Articles Tagged with “workers’ compensation”

reza-breakstone-web.jpgBy Reza Breakstone

In a major victory for the rights of injured workers, the Supreme Judicial Court ruled today that pain and suffering damages, to which injured workers are entitled in their accident cases, are not subject to liens from workers’ compensation insurance companies. As a result of the ruling, workers will be able to keep more of their personal injury settlements and verdicts.

Until today, there was confusion over the relationship between workers’ compensation liens and damages paid by a third party to employees for worksite injuries. If an employee gets injured, he or she is entitled to workers’ compensation for lost wages, medical bills, and other specific damages. But workers’ compensation insurance does not pay for pain and suffering damages.

Ruling Confirms Rights of Injured Workers to Bring Third Party Claims Against General Contractor after Receiving Workers’ Compensation Insurance

The Supreme Judicial Court (SJC) today affirmed the right of an employee of an uninsured subcontractor to bring third party claims against the general contractor, even if the general contractor has made workers’ compensation payments pursuant to G.L. c. 152, § 18. The case was an important victory for workers injured in construction accidents.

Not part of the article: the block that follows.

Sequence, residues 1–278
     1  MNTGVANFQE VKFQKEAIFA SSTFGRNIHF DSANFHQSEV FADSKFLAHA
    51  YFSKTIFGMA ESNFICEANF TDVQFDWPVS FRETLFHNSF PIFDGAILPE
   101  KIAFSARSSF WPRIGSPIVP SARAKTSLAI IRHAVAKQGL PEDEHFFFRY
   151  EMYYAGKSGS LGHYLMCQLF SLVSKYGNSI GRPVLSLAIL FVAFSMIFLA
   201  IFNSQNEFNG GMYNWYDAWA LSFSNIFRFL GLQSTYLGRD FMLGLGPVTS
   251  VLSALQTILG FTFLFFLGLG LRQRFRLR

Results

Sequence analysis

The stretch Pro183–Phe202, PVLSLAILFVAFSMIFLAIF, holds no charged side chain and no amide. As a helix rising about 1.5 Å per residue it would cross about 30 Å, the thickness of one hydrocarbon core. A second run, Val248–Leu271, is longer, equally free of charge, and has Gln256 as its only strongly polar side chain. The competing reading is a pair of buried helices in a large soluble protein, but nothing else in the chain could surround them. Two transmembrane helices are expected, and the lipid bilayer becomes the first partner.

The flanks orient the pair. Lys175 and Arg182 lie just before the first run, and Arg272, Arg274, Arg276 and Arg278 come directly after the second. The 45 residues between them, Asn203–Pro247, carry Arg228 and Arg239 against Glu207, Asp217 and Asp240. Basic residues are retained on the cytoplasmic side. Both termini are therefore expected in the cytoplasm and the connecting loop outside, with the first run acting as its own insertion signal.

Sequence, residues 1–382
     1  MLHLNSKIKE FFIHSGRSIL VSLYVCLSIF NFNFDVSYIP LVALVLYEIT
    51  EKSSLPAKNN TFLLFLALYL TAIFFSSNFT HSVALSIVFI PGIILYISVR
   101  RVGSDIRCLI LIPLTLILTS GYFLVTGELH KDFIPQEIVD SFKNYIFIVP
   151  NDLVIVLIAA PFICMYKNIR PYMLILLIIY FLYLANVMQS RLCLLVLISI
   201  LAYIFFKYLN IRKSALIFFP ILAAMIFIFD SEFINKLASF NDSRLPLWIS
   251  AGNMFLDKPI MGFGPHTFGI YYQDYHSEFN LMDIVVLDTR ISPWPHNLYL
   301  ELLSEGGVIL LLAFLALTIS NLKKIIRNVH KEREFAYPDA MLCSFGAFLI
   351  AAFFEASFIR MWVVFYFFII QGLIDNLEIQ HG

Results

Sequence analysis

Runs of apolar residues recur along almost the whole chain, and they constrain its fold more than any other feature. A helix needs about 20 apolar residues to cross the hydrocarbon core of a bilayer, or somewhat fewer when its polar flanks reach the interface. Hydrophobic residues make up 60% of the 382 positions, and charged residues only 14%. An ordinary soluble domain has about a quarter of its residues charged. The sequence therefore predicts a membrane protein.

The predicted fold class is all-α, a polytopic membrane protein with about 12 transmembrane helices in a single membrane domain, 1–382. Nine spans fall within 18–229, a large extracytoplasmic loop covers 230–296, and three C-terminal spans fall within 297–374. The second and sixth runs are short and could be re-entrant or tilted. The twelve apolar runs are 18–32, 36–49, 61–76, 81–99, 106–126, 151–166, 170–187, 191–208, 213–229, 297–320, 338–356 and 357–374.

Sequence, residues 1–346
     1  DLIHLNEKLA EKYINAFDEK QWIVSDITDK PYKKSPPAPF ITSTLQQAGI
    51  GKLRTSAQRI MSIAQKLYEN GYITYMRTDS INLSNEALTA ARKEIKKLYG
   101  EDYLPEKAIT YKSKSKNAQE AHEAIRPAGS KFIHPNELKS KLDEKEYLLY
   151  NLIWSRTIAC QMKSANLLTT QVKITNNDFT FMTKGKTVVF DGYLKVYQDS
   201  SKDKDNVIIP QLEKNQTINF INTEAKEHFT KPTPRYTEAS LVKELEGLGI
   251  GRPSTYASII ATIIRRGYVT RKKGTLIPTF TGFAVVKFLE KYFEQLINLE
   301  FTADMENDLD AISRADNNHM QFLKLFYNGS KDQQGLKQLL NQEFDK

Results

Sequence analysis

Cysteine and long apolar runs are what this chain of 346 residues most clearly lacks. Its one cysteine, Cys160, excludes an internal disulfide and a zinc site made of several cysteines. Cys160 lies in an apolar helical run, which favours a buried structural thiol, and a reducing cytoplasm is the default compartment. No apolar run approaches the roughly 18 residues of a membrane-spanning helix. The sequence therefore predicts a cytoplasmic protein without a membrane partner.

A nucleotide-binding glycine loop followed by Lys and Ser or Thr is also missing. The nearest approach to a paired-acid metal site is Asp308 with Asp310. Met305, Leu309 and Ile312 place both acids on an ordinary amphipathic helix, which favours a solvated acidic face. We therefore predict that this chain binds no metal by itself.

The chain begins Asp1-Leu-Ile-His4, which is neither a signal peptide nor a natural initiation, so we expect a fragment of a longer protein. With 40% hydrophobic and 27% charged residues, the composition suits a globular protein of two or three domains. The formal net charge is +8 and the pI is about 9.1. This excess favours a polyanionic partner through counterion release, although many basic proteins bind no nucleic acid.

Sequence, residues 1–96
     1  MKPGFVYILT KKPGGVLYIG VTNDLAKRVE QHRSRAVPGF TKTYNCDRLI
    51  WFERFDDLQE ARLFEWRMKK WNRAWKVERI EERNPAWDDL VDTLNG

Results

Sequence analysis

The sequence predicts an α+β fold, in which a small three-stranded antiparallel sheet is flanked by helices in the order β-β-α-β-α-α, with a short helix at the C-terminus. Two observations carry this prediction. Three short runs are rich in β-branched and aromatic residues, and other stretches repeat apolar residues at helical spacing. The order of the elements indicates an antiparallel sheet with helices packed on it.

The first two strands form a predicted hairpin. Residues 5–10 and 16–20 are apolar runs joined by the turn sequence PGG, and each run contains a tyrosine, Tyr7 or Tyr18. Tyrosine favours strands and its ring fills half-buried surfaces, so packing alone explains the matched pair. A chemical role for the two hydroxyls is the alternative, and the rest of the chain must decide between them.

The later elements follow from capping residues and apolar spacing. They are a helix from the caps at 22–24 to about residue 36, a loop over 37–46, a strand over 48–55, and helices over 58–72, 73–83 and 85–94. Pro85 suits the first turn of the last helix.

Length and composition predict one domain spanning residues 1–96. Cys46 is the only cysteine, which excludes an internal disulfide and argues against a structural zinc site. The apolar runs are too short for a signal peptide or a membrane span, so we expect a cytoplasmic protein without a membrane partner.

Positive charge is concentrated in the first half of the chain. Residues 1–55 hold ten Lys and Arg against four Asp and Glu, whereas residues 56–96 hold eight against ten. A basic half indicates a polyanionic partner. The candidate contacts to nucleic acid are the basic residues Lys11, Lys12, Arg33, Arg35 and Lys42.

The case arose from an explosion on a residential construction site. The explosion killed a worker and seriously injured his son, who was also working at the site. Both men were employed by Great Green Barrier Co., which did not have workers’ compensation insurance. As a result, pursuant to G.L. c. 152, § 18, the general contractor, Henry C. Becker Custom Building Ltd., was liable for the workers’ compensation obligations. This obligation arises under the policy in Massachusetts that a general contractor is responsible to hire only subcontractors which have workers’ compensation insurance available for their employees.

The defendant argued that the statutory scheme prevented the plaintiffs from making third party claims once they had accepted lump sum workers’ compensation settlements pursuant to G.L. c. 152, § 23, which ordinarily bars workers from maintaining negligence claims against their employers if they have accepted workers’ compensation benefits. While this argument had persuaded the trial court, which granted summary judgment for the defendant, the ruling had been overturned by the Appeals Court. Wentworth v. Henry C. Becker Custom Bldg. Ltd, 76 Mass.App.Ct. 507 (2010).

The SJC granted further appellate review and affirmed the Appeals Court ruling, which reversed the summary judgment for the defendant.

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